Review Summary: A band at the crossroads of where they've been and where they're going.2 of 2 thought this review was well written
As one of the longest-running (but arguably most under-appreciated) bands in Japanese popular music, The Pillows' career has involved many more stages of change and growth than other bands. After shuffling a variety of styles in their early years, ranging from Smiths-inspired jangle pop to the edges of jazz fusion and bossa nova, the band settled on a recognizable alternative rock style for 1997's Please Mr. Lostman, and their successive releases followed suit.
But 2001's Smile comes at an interesting point in the band's career, between their boisterous late-90s style and their alleged devolution into a less creative and inconsistent style in the new millennium. 2000 was the first year since 1996 (!) that the band didn't release a new album, instead offering a best-of collection and a few new singles. Inconsequential for some bands that take years to release a new album, but a long time for a group as proactive as this. The result is a subtle but distinct difference between this album and their preceding material that is under-appreciated despite being one of the last genuinely ambitious releases by the band.
Good as their albums may be, opening songs have for some reason never been a particularly strong point for The Pillows, generally eclipsed by following tracks. Fortunately, Smile is the exception and gets off to a kickass start with Good Morning Good News, a powerful tune bristling with energy. The entire band sounds electric here, with an enthusiasm and punch their last few records have been sorely missing. Guitarist Yoshiaki Manabe unleashes two fiery guitar solos here, and singer Sawao Yamanaka sounds terrific. Waiting At The Busstop somehow manages to be even more energetic, with Shinichiro Sato's drumming giving the punk vibes of the song a propulsive drive.
The next song, Kono Yo no Hate Made (All The Way To The Edge Of The World) is similarly exciting, and lifted by a great chorus and more excellent singing from Yamanaka. Monster C.C. shows the band is just as willing to write slower songs; but considering they do this same style better elsewhere, it feels weaker in contrast to the preceding tracks. Skim Heaven is a fun but not particularly memorable song, quickly redeemed by the crazed pace of Winning Come Back!, which is only one minute and sixteen seconds long but somehow manages to cram in a tasty guitar solo from Manabe around the humorous lyrics.
Vain Dog In Rain Drop is symptomatic of the problems the band faces later in their career: parts of the song echo brilliance, only to be dragged down by other elements. The verse offers a great vocal melody, but the chorus feels grating and repetitive in comparison, in spite of nice guitar throughout. Fun Fun Fun OK! is a stronger track, with an energetic yet relaxed sound that offers the most effective contrast with the record's faster tunes. But Thunder Whales Picnic is a true standout, an all-instrumental track that offers a terrific blend of surf and punk. Once again, The Pillows are at their best when they're playing their fastest, Manabe's guitar morphing between twangy lead playing and blistering tremolo chords.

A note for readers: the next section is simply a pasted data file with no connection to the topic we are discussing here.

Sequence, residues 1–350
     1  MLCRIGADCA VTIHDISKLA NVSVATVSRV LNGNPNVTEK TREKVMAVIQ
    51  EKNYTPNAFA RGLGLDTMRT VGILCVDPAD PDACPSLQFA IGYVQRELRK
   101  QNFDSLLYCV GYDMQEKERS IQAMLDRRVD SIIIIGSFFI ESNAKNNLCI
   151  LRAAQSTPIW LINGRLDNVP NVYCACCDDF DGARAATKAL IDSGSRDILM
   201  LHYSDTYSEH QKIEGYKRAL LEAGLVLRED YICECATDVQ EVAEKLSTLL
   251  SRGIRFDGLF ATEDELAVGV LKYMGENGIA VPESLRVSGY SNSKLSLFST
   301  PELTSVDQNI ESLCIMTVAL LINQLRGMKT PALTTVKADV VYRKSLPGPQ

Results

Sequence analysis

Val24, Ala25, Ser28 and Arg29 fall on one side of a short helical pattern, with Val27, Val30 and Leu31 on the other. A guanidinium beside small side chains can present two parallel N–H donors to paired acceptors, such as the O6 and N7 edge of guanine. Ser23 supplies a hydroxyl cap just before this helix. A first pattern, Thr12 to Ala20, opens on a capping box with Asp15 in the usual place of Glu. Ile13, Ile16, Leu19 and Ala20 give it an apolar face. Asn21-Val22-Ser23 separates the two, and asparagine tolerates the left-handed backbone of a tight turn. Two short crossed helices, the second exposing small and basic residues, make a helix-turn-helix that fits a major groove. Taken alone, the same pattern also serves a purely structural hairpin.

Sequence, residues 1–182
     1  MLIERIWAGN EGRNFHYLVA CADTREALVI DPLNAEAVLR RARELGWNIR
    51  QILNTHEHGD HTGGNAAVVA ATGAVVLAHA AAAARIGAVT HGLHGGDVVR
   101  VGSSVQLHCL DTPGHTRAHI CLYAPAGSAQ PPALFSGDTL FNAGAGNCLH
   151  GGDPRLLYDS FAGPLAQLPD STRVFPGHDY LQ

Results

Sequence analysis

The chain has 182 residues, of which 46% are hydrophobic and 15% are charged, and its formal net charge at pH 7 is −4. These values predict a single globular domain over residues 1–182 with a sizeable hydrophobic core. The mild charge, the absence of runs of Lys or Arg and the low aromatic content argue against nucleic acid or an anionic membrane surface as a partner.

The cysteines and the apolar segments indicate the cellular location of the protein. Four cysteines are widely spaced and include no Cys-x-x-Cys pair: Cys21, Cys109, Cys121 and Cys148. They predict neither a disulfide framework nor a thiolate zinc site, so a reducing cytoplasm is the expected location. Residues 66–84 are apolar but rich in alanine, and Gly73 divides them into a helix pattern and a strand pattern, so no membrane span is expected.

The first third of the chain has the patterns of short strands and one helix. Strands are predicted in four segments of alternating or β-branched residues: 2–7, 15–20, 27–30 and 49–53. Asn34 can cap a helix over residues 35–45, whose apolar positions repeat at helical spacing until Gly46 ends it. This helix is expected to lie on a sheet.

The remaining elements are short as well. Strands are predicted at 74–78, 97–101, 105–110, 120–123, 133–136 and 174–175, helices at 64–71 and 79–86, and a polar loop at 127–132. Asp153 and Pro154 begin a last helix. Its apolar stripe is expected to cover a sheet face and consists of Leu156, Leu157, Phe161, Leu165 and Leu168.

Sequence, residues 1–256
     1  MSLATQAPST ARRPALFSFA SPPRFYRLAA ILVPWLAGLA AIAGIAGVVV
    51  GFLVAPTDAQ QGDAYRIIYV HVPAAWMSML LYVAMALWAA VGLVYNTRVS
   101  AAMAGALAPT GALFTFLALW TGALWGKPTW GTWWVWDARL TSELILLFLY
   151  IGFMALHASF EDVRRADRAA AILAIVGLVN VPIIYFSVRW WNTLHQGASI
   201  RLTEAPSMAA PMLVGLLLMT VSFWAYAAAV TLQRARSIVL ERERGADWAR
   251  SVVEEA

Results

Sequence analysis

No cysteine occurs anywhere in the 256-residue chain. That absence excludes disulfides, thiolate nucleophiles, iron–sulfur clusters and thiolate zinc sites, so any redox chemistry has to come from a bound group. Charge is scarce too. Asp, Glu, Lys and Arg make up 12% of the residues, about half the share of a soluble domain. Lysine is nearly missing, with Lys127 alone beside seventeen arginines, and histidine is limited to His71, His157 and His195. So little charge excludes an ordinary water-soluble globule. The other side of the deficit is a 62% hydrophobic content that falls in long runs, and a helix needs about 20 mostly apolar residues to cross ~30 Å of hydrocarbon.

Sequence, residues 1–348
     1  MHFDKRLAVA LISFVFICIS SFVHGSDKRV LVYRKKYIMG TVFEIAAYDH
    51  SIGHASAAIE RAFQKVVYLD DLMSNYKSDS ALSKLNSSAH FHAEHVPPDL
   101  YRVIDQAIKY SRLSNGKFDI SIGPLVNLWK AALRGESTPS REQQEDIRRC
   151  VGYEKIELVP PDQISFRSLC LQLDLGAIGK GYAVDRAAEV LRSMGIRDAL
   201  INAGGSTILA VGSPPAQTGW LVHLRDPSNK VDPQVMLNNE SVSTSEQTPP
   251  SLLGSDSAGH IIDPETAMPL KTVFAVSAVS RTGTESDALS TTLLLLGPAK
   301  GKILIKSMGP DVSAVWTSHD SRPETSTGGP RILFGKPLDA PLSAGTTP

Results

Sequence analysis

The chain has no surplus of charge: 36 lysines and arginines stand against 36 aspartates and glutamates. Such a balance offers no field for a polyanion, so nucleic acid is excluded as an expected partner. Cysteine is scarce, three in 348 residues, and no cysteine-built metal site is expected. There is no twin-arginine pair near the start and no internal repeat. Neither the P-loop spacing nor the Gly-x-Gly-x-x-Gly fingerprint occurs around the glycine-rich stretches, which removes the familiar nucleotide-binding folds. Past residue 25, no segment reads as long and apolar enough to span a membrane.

The next track, Hibi no Uta (Everyday Songs), is one of the best mid-tempo tunes the band has ever recorded; it's pop rock at its finest. All of the instrumentation comes together with Yamanaka's vocal melodies to make an almost-perfect song from start to finish. The following title track is probably one of the most progressive songs the band ever recorded, starting slowly with a clear guitar and great melodies before shifting gears to abrasive punk and back again. Of particular note is Manabe's solo, one of the finest in his long career. The track isn't perfect (there's a sense that the more aggressive portions of the song could have been done better) but the sheer ambition of the song outweighs its few weak points. Calvero closes the album with more surf vibes and memorable melodies, influenced by Yamanaka's love of old movies.
Almost ten years later, Smile might seem more distinctive than at its time of release, simply because the band explores certain ideas on this album, such as the surf elements, much better than on future releases. It's also a standout recording because of the warm-sounding production, which sadly seems to get more and more artificial and tinny-sounding on each successive release by the band.
But it's the fast songs that are best here, and ten years later it's hard to listen to this record and not wonder why more rock bands can't make albums like this – with thoughtful songcraft and instrumentation, yet boasting great melodies and consistent accessibility. While the group has written plenty of great songs since 2001, Smile might be the last record they ever released with a strong sense of cohesion and overall quality from start to finish. It may not get enough love from fans of the band, but it's actually a great place to start for someone who has never listened to The Pillows before.